It has different names. It goes by IOM, IONM, NIOM, evoke potentials, spinal cord monitoring, the monitoring guys, the monitoring girls, the monitoring team, et cetera. The American Society of Neurophysiologic Monitoring, of actually which I'm president incoming this year, if I'd be honored to serve with them, are currently revising some of our guidelines for monitoring, but we do have present standing guidelines. And the basics of what we do is neurophysiologic monitoring that includes any measure employed to assess ongoing functional integrity of the central and peripheral nervous system in the operating room theater, or in acute care setting.

The mission, basically, is to protect the nervous system. That's our main goal. The identification of certain parts is great, but we really are there to protect the nervous system. The second main idea is to open a real time communication between members of IONM team and the surgeon and the anesthesiologist, or anesthetist. The communication part is the largest connection in monitoring, and I'll talk about little how the ... how our practice works in the states, and how we monitor, and with real time supervision, et cetera, in a little bit, but the communication is a large factor.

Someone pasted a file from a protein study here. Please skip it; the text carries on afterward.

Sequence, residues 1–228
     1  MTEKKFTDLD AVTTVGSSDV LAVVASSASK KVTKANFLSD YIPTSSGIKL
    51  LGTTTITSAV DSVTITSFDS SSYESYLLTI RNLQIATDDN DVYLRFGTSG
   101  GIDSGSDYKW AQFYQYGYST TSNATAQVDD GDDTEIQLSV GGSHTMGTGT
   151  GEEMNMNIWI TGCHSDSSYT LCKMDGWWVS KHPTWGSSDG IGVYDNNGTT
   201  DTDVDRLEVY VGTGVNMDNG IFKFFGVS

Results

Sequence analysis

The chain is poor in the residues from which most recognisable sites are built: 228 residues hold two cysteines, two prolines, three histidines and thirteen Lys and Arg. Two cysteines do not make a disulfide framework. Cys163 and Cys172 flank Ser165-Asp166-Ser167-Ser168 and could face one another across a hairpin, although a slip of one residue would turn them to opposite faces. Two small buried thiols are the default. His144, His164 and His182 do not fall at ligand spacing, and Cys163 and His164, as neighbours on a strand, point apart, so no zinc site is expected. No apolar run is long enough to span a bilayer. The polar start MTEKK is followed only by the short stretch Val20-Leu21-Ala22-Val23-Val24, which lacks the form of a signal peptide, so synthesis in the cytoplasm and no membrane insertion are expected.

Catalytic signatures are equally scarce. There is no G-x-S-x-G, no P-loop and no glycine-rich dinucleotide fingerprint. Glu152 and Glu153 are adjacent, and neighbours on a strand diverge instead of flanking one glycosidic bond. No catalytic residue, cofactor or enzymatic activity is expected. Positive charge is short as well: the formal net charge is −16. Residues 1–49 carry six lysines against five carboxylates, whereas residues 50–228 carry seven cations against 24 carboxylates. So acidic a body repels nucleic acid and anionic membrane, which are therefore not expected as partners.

How do we communicate with the surgeon, with anesthesia, with the nursing staff, and even with the patient in some instances, and definitely with the patient before and after surgery at times. It plays an important role in several ways. Number one, we want to warn the surgical team of any complications or any abnormalities. We want to identify a serious problem that needs to be corrected, and corrected rather quickly. As you know, with the nervous system, we have very little room for error, and very little wiggle room, so if things are going wrong, we may only have seconds to alert the surgical team. And in that time, we have to identify, is this a real change? Is it an appropriate change? Is it a technical change? Or is it something the surgeon has to act on quickly?